3. All I ever wanted to do was work in Fashion.

For the best part of eight years I lived in London and worked in the fashion industry, having studied Fashion Design up here in Newcastle. I graduated in the middle of the recession (2009) and to say it wasn’t an easy time to be a graduate then would be an understatement. I was incredibly lucky to land a job before I had even graduated and in the space of a few months moved from my life in Newcastle to living in a flat with complete strangers in West London and working in the design team at Karen Millen. 

Design turned out not to be for me, which was a pretty tough thing to come to terms with. For as long as I can remember I had wanted to be a designer. I’d made tin foil outfits for my toys as a kid, I’d sketched out designs in my text books when I should be doing multiplication; it was what I had always wanted to do. Working in design at Karen Millen taught me an awful lot but ultimately it wasn’t my taste and designing something that isn’t your taste and doing it well is a true talent. To remove yourself enough from the situation that you’re still giving someone else exactly what they want genuinely is a talent I admire. It’s sadly just not one I had.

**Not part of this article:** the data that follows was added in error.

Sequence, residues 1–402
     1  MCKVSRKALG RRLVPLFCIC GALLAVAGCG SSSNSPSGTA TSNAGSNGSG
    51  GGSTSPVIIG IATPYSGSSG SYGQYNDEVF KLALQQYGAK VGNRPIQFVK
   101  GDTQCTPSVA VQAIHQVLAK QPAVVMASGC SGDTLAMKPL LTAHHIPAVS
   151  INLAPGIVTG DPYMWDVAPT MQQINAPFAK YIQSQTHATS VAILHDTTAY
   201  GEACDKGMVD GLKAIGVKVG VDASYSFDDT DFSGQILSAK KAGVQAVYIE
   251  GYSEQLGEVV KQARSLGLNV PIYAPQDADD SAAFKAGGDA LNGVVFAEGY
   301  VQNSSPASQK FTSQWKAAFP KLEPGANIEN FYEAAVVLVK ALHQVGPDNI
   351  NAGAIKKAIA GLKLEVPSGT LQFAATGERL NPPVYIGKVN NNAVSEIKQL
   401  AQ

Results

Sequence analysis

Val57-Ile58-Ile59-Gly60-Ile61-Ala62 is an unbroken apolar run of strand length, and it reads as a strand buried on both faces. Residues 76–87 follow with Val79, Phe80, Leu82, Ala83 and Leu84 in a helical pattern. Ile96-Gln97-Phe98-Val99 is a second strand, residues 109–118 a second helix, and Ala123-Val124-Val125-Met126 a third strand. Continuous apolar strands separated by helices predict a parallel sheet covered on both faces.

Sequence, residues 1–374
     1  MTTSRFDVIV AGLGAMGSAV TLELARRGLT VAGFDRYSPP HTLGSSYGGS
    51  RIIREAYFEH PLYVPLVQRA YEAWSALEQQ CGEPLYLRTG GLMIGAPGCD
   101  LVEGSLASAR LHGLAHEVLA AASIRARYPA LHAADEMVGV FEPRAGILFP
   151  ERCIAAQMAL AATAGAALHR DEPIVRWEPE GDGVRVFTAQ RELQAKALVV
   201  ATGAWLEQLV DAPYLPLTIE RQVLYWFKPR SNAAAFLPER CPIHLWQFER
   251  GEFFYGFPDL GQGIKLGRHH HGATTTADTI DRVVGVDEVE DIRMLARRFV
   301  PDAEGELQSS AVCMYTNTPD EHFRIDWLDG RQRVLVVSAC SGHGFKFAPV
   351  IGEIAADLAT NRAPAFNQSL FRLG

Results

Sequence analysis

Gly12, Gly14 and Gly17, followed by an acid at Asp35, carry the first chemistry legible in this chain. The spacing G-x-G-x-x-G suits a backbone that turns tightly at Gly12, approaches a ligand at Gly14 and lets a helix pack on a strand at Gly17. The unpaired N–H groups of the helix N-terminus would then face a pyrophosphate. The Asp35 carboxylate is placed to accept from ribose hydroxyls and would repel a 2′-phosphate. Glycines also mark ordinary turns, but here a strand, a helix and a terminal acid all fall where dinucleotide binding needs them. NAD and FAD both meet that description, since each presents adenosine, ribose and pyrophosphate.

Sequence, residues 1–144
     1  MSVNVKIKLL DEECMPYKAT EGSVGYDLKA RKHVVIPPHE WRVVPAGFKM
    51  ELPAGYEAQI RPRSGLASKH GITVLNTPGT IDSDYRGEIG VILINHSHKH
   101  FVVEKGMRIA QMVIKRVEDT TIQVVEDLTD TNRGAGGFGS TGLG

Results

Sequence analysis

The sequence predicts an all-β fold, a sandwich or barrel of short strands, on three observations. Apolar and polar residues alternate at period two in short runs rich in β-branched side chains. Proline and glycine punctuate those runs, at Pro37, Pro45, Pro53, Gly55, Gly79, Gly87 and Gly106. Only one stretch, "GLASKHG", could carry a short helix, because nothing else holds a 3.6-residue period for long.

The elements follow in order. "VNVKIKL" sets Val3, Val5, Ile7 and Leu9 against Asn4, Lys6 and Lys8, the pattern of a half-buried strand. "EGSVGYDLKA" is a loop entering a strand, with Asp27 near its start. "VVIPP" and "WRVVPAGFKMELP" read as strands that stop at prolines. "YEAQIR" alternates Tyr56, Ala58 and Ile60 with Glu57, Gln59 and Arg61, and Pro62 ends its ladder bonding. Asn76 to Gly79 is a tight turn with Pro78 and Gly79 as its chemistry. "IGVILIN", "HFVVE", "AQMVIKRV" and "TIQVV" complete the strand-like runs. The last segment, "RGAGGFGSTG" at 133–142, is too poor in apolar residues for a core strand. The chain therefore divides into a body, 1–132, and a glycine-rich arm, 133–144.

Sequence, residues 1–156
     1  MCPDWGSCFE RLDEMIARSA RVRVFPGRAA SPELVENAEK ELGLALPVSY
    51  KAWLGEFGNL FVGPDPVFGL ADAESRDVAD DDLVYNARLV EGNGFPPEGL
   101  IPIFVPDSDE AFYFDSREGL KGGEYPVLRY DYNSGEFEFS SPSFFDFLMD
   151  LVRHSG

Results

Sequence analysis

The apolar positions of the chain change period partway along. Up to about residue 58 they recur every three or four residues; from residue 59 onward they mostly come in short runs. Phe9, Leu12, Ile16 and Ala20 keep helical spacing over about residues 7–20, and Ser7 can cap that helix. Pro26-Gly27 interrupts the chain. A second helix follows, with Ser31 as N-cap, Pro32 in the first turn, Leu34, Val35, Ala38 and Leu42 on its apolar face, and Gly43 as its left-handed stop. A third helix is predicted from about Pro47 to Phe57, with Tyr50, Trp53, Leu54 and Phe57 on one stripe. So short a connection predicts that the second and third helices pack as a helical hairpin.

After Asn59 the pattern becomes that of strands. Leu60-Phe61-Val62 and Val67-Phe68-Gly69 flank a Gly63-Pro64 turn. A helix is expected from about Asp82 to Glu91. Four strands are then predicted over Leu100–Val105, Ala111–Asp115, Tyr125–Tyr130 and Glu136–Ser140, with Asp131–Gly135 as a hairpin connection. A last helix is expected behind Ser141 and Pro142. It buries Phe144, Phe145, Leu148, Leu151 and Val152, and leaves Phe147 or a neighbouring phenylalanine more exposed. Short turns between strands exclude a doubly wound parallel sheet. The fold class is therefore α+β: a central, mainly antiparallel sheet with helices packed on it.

After six months I moved into the brand’s PR and Marketing teams and began a rather muddled job of working in the press office but also styling the photography for the website and various other projects like lookbooks and campaigns. As well as design I had also always been obsessed with magazines, something that continues to this day. You’ll be more than aware of this if you’ve studied any images on my feed and seen the mountains of them that fill my flat. Moving in the world of photography and styling felt like a much better fit and my aim was to try and get into an editorial team of a magazine ultimately.